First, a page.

According to the Census Department’s Monthly Wholesale Trade Report, inventories declined 0.2% in January.

This is a negative for first-quarter GDP estimates.

However, the Census Department issued an “Intention to Revise” notice so the whole report and back reports are suspect.

Intention to Revise

Monthly Wholesale sales, inventories, and inventories/sales ratios will be revised based on the results of the 2015 Annual Wholesale Trade Survey. Revised not adjusted and corresponding adjusted estimates are tentatively scheduled to be released on our website on March 24, 2017.

Sales

January 2017 sales of merchant wholesalers, except manufacturers’ sales branches and offices, after adjustment for seasonal variations and trading-day differences but not for price changes, were $463.6 billion, down 0.1 percent from the revised December level, but were up 8.4 percent (±0.9 percent) from the January 2016 level. The November 2016 to December 2016 percent change was revised from the preliminary estimate of up 2.6 percent to up 2.4 percent.

Inventories

Total inventories of merchant wholesalers, except manufacturers’ sales branches and offices, after adjustment for seasonal variations but not for price changes, were $600.0 billion at the end of January, down 0.2 percent from the revised December level. Total inventories are up 2.2 percent (±0.9 percent) from the revised January 2016 level. The December 2016 to January 2017 percent change was revised from the advance estimate of down 0.1 percent to down 0.2 percent.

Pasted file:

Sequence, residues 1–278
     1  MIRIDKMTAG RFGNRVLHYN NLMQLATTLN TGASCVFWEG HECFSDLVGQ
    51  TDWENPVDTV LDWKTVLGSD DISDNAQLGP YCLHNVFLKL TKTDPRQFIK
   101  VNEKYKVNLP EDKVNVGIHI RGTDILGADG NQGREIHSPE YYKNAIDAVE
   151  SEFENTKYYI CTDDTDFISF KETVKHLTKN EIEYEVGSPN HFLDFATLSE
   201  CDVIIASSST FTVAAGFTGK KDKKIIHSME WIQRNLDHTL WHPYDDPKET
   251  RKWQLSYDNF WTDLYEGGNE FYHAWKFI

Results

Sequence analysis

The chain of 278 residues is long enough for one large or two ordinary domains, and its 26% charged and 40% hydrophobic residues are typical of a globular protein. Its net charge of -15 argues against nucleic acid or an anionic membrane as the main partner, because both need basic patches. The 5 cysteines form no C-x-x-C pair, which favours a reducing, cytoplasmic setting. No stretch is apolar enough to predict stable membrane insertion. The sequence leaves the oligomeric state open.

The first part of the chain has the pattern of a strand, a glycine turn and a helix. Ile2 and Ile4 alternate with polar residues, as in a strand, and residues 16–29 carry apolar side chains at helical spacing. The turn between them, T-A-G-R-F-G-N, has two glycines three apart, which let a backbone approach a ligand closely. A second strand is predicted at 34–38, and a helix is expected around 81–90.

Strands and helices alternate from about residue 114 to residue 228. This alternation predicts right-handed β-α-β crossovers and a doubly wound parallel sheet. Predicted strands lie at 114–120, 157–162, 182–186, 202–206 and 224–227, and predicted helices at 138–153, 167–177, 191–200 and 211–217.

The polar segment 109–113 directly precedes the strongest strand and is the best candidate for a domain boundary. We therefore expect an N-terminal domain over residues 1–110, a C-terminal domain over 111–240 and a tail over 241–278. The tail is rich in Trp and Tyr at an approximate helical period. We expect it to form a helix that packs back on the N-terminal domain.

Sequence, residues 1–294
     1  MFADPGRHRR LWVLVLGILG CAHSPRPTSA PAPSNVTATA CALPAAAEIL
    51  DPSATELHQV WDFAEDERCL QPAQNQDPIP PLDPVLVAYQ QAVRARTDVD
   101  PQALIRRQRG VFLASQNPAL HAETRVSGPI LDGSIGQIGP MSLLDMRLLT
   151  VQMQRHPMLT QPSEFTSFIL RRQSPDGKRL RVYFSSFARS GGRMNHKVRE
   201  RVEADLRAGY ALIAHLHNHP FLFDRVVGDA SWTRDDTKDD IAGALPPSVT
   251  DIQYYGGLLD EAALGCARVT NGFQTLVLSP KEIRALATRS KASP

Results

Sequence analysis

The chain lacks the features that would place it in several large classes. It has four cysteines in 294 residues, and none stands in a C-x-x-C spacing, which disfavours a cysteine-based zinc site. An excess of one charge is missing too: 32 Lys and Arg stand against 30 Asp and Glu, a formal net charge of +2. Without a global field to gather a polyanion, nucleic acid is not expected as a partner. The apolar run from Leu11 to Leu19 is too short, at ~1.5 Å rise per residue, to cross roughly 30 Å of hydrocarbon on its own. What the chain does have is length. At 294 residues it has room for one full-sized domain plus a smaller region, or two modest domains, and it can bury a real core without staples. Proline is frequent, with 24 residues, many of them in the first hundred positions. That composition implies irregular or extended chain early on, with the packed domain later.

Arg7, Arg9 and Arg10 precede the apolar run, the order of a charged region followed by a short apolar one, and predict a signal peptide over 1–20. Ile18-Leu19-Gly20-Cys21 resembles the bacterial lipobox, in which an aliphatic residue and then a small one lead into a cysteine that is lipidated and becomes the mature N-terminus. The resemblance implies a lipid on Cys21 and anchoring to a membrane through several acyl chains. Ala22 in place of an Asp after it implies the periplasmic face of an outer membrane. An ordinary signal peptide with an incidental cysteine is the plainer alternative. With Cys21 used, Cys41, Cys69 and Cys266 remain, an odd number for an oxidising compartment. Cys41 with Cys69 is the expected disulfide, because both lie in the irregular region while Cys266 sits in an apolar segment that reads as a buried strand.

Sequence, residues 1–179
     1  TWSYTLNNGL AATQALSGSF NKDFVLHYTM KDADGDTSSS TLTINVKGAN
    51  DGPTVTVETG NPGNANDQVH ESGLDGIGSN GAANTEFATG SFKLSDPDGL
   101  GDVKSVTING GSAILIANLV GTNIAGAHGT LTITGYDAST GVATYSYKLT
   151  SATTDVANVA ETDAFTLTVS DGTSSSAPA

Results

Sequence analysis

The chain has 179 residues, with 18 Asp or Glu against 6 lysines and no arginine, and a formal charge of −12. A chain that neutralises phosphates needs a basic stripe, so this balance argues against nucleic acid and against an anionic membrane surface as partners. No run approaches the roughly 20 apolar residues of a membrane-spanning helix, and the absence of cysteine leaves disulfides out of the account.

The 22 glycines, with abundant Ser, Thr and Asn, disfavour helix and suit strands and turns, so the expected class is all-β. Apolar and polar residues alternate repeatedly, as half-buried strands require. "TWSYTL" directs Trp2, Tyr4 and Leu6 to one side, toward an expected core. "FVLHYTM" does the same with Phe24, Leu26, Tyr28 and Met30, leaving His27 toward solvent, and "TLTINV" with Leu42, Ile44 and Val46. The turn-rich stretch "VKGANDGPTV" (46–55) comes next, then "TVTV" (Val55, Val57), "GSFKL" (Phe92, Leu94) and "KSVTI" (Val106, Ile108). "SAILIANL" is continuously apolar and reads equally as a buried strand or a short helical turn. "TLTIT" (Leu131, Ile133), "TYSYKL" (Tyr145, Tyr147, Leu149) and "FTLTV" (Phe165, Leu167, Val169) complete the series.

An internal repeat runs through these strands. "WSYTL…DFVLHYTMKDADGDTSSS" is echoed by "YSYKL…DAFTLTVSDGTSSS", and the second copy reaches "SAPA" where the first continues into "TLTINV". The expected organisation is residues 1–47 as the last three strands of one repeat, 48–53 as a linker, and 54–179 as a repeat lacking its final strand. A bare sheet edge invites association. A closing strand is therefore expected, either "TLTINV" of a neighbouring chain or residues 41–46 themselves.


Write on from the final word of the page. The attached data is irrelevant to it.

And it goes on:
Inventories/Sales Ratio

The January inventories/sales ratio for merchant wholesalers, except manufacturers’ sales branches and offices, based on seasonally adjusted data, was 1.29. The January 2016 ratio was 1.37.

Inventor-to-Sales Numbers 

Automobile sales at the wholesale level were up 3.2% while inventories fell 3.1%.

Bloomberg Econoday commented: “This points to restocking and a gain for auto production.”

Econoday also noted “stock-to-sales is a healthy 1.29 ratio“.

Here is a picture of the allegedly healthy inventory-to-sales ratio.

The chart is heading in the right direction, but is it healthy?

As for the need to restock autos, Econoday is in fantasyland. Inventories were so high that the manufacturers had to cut back production.

At best, the whole trade numbers took auto inventories to normal levels. But recall that GDPNow just slashed its GDP estimate, and one of the reasons was weak retail auto sales.

For details, please see GDPNow 1st Quarter Forecast Plunges to 1.3% Following Vehicle Sales and Factory Orders Reports.

Thus, trouble is brewing on the GDP front for the first quarter.

Mike “Mish” Shedlock